There are many reasons that threads can be blocked causing an application to hang. This is an example of one of those situations. I loaded a memory dump into WinDbg and loaded the PSSCOR2 extension. When I executed !syncblk, I received the following result shown in Table 1.
Index SyncBlock MonitorHeld Recursion Owning Thread Info SyncBlock Owner
546 16e2f11c 9 1 0a1df058 23a78 18 02b133e4 System.Object
Waiting threads: 0 24 77 80
Table 1, !syncblk result
To me, the result means that Thread 18 is blocking threads 0, 24, 77 and 80. I execute !threads and get the result shown in Table 2. For this example, I restricted the output just to those threads.
ID PreEmptive GC Domain Lock Count APT
0 Enabled 0066ec18 0 MTA (Threadpool Worker)
18 Enabled 0066ec18 1 MTA (Threadpool Worker)
24 Enabled 0066ec18 0 MTA (Threadpool Worker)
77 Enabled 0066ec18 0 MTA (Threadpool Worker)
80 Enabled 0066ec18 0 MTA (Threadpool Worker)
Table 2, !threads result, reduced for this example
Next I want to see what is happening on one of the threads that is being blocked. I might be able to find what the thread is waiting on. So I enter a ~80s command which gets that thread in focus and then look at the call stack as illustrated in Table 3. What I notice is a Generic Dictionary that is being searched using the ContainsKey() method.
2ca8ebfc 76c315e9 ntdll!NtWaitForMultipleObjects+0x15
2ca8ec98 76061a2c KERNELBASE!WaitForMultipleObjectsEx+0x100
2ca8ece0 59d445a2 kernel32!WaitForMultipleObjectsExImplementation+0xe0
2ca8ed48 59d441cf mscorwks!WaitForMultipleObjectsEx_SO_TOLERANT+0x6f
2ca8ed68 59d442d8 mscorwks!Thread::DoAppropriateAptStateWait+0x3c
2ca8edec 59d4436d mscorwks!Thread::DoAppropriateWaitWorker+0x13c
2ca8ee3c 59d444f1 mscorwks!Thread::DoAppropriateWait+0x40
2ca8ee98 59be5402 mscorwks!CLREvent::WaitEx+0xf7
2ca8eeac 59d198ea mscorwks!CLREvent::Wait+0x17
2ca8ef38 59d436f0 mscorwks!AwareLock::EnterEpilog+0x8c
2ca8ef54 59d19e78 mscorwks!AwareLock::Enter+0x61
2ca8efbc 59d19c57 mscorwks!AwareLock::Contention+0x199
2ca8f05c 085c0707 mscorwks!JITutil_MonContention+0xa3
2ca8f098 025324e6 ***_Collections!***.Generic.Dictionary`2.ContainsKey(System.__Canon)+0x4f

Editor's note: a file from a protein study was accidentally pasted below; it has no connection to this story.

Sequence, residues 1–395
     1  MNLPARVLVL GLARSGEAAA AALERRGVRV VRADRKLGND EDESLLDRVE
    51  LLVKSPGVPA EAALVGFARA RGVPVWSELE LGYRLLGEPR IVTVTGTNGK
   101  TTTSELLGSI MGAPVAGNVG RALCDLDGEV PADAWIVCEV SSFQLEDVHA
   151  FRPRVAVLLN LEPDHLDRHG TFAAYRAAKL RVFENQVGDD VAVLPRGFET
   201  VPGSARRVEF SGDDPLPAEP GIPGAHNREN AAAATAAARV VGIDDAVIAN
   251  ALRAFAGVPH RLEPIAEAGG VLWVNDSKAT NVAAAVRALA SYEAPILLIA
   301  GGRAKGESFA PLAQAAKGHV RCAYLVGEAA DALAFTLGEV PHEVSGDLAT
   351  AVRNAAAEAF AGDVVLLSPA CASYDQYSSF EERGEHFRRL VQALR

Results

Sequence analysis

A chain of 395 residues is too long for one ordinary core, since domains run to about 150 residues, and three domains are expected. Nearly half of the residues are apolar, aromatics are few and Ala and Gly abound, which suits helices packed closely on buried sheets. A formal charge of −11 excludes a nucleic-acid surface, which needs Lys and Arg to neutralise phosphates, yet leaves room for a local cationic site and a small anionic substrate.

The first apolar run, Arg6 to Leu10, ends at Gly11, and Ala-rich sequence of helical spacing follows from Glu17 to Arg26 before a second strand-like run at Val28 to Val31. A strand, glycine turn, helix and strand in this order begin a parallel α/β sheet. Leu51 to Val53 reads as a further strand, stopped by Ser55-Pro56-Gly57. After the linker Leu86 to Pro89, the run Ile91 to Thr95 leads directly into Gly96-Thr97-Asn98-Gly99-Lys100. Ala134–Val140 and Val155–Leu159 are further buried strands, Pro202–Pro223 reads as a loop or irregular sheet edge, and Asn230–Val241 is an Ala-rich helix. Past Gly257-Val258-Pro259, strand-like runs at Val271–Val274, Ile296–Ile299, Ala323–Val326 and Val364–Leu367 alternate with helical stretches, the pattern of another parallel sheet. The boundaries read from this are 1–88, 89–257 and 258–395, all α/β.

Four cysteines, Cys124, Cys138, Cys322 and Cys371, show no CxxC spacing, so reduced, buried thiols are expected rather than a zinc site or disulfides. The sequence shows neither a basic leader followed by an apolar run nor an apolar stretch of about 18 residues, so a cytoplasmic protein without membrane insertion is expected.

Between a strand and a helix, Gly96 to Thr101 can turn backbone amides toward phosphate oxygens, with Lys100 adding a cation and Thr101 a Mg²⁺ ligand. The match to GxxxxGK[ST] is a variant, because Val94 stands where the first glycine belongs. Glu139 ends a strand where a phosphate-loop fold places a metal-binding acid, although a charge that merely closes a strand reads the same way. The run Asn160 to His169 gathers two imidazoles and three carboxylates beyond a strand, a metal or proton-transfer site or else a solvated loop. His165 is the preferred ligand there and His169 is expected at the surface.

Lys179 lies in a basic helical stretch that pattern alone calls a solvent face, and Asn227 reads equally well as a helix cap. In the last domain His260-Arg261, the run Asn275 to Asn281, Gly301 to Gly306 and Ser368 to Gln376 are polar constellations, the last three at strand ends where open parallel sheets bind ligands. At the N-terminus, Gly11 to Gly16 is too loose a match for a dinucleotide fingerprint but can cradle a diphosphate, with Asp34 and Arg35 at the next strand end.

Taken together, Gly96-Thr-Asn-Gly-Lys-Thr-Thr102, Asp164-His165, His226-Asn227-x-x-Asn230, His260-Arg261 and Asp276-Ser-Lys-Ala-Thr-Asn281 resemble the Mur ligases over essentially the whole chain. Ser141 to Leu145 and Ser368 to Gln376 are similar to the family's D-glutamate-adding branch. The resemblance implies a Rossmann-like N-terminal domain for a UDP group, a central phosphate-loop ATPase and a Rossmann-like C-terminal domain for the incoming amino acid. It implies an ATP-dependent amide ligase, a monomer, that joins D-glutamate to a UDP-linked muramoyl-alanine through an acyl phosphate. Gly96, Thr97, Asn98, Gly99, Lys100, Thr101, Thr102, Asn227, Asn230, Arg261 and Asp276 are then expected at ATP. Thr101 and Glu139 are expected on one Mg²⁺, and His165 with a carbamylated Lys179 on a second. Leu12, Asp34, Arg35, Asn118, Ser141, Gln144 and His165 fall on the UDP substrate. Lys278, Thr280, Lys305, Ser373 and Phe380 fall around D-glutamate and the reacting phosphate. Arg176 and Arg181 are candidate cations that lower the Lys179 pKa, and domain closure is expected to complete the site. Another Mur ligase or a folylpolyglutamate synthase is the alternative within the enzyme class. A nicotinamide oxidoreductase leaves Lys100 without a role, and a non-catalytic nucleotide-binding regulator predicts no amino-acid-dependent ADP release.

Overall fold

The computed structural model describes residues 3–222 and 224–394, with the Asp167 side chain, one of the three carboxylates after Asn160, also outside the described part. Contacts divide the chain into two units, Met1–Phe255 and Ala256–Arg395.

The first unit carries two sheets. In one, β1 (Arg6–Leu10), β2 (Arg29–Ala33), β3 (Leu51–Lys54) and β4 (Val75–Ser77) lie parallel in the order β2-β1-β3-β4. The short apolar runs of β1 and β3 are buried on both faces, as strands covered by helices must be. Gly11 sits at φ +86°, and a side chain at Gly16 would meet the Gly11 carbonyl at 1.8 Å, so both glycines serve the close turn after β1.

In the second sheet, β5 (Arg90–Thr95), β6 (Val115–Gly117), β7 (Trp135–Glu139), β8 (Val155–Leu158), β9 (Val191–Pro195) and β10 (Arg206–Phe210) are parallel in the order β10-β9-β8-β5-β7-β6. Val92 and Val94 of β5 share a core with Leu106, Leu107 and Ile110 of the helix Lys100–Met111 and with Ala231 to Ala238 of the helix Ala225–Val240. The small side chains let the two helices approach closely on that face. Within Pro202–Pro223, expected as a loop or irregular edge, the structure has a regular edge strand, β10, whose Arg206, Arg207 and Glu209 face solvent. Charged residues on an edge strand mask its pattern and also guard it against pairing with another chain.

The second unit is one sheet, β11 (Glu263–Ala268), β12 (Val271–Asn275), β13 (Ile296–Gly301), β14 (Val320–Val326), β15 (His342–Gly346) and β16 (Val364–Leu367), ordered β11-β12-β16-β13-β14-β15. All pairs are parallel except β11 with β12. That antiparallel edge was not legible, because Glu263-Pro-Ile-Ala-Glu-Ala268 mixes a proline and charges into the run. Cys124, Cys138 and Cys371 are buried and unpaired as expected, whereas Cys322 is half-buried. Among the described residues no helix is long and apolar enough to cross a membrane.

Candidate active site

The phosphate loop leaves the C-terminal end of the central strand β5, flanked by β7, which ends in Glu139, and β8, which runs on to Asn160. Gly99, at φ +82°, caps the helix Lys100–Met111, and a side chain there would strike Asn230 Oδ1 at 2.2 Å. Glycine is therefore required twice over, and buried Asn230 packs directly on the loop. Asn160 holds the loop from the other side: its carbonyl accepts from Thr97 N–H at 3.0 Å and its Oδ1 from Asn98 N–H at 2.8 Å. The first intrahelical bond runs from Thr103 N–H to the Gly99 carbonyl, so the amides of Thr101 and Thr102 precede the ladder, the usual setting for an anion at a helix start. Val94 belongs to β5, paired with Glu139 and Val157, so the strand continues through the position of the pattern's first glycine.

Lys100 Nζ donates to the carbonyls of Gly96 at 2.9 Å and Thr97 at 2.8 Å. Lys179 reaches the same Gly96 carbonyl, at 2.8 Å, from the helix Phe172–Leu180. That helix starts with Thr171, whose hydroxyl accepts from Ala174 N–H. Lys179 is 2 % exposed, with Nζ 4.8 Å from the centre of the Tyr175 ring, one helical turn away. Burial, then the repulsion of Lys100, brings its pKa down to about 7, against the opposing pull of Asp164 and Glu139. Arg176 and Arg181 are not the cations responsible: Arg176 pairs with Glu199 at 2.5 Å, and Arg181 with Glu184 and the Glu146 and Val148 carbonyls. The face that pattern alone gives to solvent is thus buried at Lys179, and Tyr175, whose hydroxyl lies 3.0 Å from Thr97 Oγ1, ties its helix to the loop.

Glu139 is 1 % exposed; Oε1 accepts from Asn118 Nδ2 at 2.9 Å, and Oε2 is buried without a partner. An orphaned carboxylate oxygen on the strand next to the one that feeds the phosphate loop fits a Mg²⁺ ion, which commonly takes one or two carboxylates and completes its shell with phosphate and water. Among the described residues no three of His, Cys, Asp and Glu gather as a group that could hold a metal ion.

Table 3, view the call stack using k
Next I want to look at the JIT generated code for mscorwks!JITutil_MonContention+0xa3. Using the !u command, I can view this, as shown in Figure 4. I reduced the output, but you can see the ContainsKey() method is contained within a Monitor.Enter() and a Monitor.Exit() method.
0:080> !u 085c0707
085c06ff 8b4dcc mov ecx,dword ptr [ebp-34h]
085c0702 e89e246251 call mscorwks!JIT_MonEnterWorker (59be2ba5)
>>> 085c0707 8b45d4 mov eax,dword ptr [ebp-2Ch]
085c070a 8b4804 mov ecx,dword ptr [eax+4]
085c0712 e8e9402670 call Collections.Generic.Dictionary`2.ContainsKey(…)+..0f(…)
085c0737 8b4dcc mov ecx,dword ptr [ebp-34h]
085c073a e8e0266251 call mscorwks!JIT_MonExitWorker (59be2e1f)
085c073f 58 pop eax
085c0740 ffe0 jmp eax
Table 4, JIT generated code
Now let’s go check what is happening on the thread blocking 80. Execute ~18s and then k to get the stack shown in Table 5.
0b1ee410 76c315e9 ntdll!NtWaitForMultipleObjects+0x15
0b1ee4ac 76061a2c KERNELBASE!WaitForMultipleObjectsEx+0x100
0b1ee4f4 59d445a2 kernel32!WaitForMultipleObjectsExImplementation+0xe0
0b1ee55c 59d441cf mscorwks!WaitForMultipleObjectsEx_SO_TOLERANT+0x6f
0b1ee57c 59d442d8 mscorwks!Thread::DoAppropriateAptStateWait+0x3c
0b1ee600 59d4436d mscorwks!Thread::DoAppropriateWaitWorker+0x13c
0b1ee650 59ce4af8 mscorwks!Thread::DoAppropriateWait+0x40
0b1ee754 788069df mscorwks!WaitHandleNative::CorWaitOneNative+0x156
0b1ee770 78806995 mscorlib_ni!System.Threading.WaitHandle.WaitOne(Int64, Boolean)+0x2f
0b1ee788 7b4b2231 mscorlib_ni!System.Threading.WaitHandle.WaitOne(Int32, Boolean)+0x25
0b1ee7a4 7af94c20 ***_ni!***.Control.WaitForWaitHandle(System.Threading.WaitHandle)+0x89
0b1ee960 04e32a2f ***_Collections!***.Generic.Dictionary`2.OnItemChanged.(…)+0xad
0b1ee99c 02531d10 ***_Collections!***.Generic.Dictionary`2.set_Item(…)+0x6f
Table 5, JIT generated code
Hmmm, interesting, it appears that this thread is writing something to the Generic.Dictionary.
Further analysis of the code resulted in identifying the fact that the Generic.Dictionary was static and all the threads in this scope where accessing the same dictionary.
Check out this article where it discusses the thread safety of a Dictionary. Basically, a dictionary can support concurrent readers are long as the collection is not modified. Which we see in this case, that the dictionary is being modified which is blocking the other threads that are trying to read from it.
The solution is to synchronize your threads, making sure that there will not be a case where the dictionary is written to and read from at the same time.